How to Improve Your Machine Learning Model With TensorFlow’s Data Augmentation

Data augmentation is the process of applying various transformations to the training data. It helps increase the diversity of the dataset and prevent overfitting. Overfitting mostly occurs when you have limited data to train your model.



Here, you will learn how to use TensorFlow’s data augmentation module to diversify your dataset. This will prevent overfitting by generating new data points that are slightly different from the original data.

The Sample Dataset You Will Use

You will use the cats and dogs dataset from Kaggle. This dataset contains approximately 3,000 images of cats and dogs. These images are split into training, testing, and validation sets.

A cat and dog dataset with labels

The label 1.0 represents a dog while the label 0.0 represents a cat.

The full source code implementing data augmentation techniques and the one that does not are available in a GitHub repository.

Installing and Importing TensorFlow

To follow through, you should have a basic understanding of Python. You should also have basic knowledge of machine learning. If you require a refresher, you may want to consider following some tutorials on machine learning.

Open Google Colab. Change the runtime type to GPU. Then, execute the following magic command on the first code cell to install TensorFlow into your environment.

 !pip install tensorflow 

Import TensorFlow and its relevant modules and classes.

 import tensorflow as tf
from tensorflow.keras.preprocessing.image import ImageDataGenerator
from tensorflow.keras.models import Sequential
from tensorflow.keras.layers import Conv2D, MaxPooling2D, Flatten, Dense, Dropout

The tensorflow.keras.preprocessing.image will enable you to perform data augmentation on your dataset.

Creating Instances of the ImageDataGenerator Class

Create an instance of the ImageDataGenerator class for the train data. You will use this object for preprocessing the training data. It will generate batches of augmented image data in real time during model training.

In the task of classifying whether an image is a cat or a dog, you can use the flipping, random width, random height, random brightness, and zooming data augmentation techniques. These techniques will generate new data which contains variations of the original data representing real-world scenarios.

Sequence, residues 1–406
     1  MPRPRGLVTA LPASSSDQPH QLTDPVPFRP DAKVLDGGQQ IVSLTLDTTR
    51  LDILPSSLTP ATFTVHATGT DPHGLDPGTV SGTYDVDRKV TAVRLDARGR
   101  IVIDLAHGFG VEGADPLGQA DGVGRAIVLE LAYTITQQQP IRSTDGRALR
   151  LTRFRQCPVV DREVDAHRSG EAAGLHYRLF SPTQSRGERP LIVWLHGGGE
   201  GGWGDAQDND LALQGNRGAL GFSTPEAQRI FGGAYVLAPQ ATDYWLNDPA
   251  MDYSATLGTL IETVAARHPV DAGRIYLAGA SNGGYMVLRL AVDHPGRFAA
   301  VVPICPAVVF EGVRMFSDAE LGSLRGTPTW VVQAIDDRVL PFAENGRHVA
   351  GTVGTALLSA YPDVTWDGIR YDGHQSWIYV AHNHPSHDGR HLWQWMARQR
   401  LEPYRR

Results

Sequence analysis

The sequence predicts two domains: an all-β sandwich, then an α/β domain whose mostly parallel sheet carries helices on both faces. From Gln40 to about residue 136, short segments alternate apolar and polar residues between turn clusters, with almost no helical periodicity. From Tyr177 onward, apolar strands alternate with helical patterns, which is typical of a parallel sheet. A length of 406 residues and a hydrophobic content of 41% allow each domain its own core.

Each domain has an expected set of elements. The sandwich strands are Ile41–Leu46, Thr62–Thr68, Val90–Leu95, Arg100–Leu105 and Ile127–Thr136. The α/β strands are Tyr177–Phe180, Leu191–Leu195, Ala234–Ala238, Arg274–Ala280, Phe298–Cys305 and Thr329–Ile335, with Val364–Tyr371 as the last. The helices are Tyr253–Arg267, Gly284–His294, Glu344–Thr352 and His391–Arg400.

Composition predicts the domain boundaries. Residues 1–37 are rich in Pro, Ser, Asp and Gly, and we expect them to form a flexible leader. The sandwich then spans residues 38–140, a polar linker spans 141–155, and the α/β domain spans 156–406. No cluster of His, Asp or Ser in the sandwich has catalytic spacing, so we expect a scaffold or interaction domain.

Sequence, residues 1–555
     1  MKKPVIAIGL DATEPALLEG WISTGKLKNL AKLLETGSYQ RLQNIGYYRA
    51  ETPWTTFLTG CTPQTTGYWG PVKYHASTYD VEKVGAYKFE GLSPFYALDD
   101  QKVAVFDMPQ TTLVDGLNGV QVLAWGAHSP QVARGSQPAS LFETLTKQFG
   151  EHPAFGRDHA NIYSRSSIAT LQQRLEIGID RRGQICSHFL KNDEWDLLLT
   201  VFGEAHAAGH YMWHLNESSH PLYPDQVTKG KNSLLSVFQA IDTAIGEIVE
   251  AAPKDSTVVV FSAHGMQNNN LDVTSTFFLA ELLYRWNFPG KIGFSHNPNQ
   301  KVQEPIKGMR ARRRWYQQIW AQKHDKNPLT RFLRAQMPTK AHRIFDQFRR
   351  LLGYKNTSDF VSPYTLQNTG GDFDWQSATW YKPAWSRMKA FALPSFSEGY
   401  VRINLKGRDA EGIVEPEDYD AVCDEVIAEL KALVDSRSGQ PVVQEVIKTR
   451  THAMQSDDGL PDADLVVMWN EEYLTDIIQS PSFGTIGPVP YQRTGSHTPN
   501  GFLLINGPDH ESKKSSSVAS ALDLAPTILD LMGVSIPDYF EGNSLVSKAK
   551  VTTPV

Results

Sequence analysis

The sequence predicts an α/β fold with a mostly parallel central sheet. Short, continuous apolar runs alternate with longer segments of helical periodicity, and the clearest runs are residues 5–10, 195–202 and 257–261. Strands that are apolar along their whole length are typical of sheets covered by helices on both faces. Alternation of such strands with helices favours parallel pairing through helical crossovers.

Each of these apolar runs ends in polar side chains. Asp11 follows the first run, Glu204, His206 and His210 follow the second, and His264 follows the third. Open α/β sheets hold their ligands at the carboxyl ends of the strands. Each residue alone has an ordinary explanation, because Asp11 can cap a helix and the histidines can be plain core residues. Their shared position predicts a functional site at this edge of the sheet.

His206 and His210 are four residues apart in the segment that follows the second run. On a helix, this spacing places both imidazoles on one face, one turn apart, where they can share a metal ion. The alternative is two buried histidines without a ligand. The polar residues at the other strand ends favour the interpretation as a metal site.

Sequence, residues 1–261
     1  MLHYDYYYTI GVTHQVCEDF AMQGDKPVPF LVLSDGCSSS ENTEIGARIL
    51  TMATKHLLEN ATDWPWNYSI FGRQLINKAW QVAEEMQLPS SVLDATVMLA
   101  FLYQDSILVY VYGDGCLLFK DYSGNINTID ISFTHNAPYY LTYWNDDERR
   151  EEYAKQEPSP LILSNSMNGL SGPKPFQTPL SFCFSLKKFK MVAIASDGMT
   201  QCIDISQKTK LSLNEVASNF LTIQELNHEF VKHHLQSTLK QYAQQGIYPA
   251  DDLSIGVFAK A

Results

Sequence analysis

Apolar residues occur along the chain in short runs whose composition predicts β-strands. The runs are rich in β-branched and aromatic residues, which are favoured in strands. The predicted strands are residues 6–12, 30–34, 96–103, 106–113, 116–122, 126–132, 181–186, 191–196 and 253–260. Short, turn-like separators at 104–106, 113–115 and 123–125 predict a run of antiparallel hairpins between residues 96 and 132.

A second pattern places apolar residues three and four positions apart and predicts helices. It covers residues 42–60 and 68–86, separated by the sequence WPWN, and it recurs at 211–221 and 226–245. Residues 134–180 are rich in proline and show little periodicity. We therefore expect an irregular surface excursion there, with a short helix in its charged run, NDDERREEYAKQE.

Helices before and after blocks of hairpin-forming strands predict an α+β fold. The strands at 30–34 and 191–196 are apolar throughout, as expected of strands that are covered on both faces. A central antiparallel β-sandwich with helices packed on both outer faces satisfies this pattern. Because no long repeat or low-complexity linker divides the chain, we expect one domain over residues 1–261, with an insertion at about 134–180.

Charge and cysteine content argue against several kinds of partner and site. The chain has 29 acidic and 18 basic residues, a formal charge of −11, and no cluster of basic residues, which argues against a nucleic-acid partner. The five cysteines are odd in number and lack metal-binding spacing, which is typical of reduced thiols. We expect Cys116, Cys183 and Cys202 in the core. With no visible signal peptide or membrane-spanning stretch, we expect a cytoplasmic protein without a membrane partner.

train_datagen = ImageDataGenerator(rescale=1./255,

Create another instance of the ImageDataGenerator class for the test data. You will need the rescale parameter. It will normalize the pixel values of the test images to match the format used during training.

test_datagen = ImageDataGenerator(rescale=1./255)

Create a final instance of the ImageDataGenerator class for the validation data. Rescale the validation data the same way as the test data.

validation_datagen = ImageDataGenerator(rescale=1./255)

You do not need to apply the other augmentation techniques to the test and validation data. This is because the model uses the test and validation data for evaluation purposes only. They should reflect the original data distribution.

Loading Your Data

Create a DirectoryIterator object from the training directory. It will generate batches of augmented images. Then specify the directory that stores the training data. Resize the images to a fixed size of 64×64 pixels. Specify the number of images that each batch will use. Lastly, specify the type of label to be binary (i.e., cat or dog).

train_data = train_datagen.flow_from_directory(directory=r'/content/drive/MyDrive/cats_and_dogs_filtered/train',
                                               target_size=(64, 64),

Create another DirectoryIterator object from the testing directory. Set the parameters to the same values as those of the training data.

test_data = test_datagen.flow_from_directory(directory='/content/drive/MyDrive/cats_and_dogs_filtered/test',